Sunday, May 30, 2010

BP: Human Nature at Work

When the world is watching it is better to do something than to do nothing.  Even if the “something” has little or no chance of success.  That is exactly what BP has been doing.

There is a very good chance that BP knew from the beginning they could do nothing to resolve a one mile deep blow out.  Not the robotic valve shut off, not the “top hat”, not the “top kill”, not cutting the pipe and installing a valve (which on May 30 was the next “Plan B”).  Possibly not even BP’s highly touted “relief wells”, the ultimate sure-fire solution that might be implemented by July may work.  Has that process ever been tried on well-heads one mile beneath the ocean surface?

What then?  What is the outcome when this undersea oil gusher continues for three to six months - or longer?

  • When will seafood from the Gulf be marketable again?
  • What happens to the commercial and charter boat fishing industries?
  • What happens to the life (aerobic capacity) of the Gulf.  Might it temporarily become a “dead sea?”
  • What happens to the tourism industry of Gulf Coast communities?
  • What happens to the economies of these communities, the businesses dependent on tourism?
  • What happens to property values when business die and people have to move away to make a living?
  • What happens to local governments when revenues from taxes drop 50% or more?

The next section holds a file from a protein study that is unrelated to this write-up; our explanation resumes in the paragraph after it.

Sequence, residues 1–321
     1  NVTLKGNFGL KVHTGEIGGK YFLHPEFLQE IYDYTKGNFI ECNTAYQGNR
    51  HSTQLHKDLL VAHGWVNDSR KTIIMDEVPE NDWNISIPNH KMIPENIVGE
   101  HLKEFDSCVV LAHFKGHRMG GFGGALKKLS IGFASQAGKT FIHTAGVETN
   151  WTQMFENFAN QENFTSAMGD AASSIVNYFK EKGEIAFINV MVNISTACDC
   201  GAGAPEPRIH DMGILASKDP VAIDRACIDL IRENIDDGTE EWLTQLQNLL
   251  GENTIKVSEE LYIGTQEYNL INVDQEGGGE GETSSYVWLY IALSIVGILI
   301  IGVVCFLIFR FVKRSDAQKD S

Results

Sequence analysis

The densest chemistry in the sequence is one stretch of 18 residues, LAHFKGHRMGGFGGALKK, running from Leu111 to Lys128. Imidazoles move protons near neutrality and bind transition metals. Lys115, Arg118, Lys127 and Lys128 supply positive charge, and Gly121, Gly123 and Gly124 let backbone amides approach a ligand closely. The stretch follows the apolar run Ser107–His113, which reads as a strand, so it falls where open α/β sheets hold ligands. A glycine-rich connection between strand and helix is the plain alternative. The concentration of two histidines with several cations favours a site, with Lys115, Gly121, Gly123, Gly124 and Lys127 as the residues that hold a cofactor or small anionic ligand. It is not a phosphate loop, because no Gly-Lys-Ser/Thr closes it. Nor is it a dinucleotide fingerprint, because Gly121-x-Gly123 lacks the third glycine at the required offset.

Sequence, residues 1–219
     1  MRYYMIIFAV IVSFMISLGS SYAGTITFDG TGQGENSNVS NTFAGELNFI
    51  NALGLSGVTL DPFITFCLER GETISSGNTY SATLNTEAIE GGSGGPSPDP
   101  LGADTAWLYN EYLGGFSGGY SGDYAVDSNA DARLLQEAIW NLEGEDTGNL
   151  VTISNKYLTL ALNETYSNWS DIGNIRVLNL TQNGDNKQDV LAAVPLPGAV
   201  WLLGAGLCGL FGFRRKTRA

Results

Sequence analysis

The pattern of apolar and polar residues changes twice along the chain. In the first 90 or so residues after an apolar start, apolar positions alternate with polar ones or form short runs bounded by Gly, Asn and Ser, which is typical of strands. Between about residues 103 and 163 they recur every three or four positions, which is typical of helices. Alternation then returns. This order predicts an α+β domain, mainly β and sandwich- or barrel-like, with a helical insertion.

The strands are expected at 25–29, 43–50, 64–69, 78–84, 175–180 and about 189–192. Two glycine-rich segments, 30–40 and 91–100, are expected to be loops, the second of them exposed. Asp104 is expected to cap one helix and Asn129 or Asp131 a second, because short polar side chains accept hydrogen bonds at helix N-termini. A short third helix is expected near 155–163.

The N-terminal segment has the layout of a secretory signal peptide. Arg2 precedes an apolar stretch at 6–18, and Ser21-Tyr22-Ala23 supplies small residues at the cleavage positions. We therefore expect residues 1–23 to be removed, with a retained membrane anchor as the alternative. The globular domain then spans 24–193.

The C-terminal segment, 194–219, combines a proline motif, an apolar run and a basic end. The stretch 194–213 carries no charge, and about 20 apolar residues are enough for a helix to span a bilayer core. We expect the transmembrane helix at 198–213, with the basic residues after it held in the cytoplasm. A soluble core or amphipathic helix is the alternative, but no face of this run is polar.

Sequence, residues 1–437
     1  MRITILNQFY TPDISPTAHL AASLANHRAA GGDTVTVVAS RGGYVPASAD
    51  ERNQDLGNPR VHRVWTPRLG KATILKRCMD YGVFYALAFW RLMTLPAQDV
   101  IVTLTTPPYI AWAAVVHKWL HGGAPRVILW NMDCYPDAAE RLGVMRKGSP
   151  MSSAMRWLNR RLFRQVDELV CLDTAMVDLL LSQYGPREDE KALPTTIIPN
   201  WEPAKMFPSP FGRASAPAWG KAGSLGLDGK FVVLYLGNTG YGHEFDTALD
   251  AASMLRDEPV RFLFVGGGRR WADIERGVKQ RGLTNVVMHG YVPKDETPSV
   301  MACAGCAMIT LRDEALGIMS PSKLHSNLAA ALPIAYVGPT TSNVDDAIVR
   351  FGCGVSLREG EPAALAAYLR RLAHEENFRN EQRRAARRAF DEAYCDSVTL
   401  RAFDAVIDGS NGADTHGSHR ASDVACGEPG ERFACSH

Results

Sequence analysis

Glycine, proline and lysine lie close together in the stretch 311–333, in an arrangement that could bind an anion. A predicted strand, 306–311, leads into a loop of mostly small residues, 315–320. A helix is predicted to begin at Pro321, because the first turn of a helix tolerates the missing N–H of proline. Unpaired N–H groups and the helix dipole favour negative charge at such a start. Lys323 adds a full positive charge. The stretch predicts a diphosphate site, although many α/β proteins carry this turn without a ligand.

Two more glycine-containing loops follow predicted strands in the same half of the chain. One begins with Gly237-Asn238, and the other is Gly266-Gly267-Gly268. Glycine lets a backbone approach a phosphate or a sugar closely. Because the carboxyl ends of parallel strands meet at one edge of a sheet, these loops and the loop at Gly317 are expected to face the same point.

Will BP pick up the tab for these losses?  Or will they find a way to declare this event an unavoidable act of God?  How much of the tab will our enabling federal government (taxpayers) feel compelled to cough up because “BP is too big to fail?"

One thing is likely:  Drilling in deep water is not likely to resume any time soon.  Can we expect government to over-react?  Yes!  Our officials have already made Fascist-sounding declarations like "We will keep our boot on their neck until the job gets done."  Our government is likely to have a noose around the neck of the entire oil industry until we are assured this sort of disaster will never occur again. 

Which brings up this question:  Why do we continue to prohibit drilling in areas of our continent like the Arctic National Wildlife Refuge (ANWR) where there is much less risk than in deep water drilling; where waters are shallow and a blowout can be quickly locally contained and repaired?

In the meantime, we keep feeding the coffers of middle east Islamists who are funding our destruction.  And, oh yes, expect fuel prices to skyrocket over the next year.

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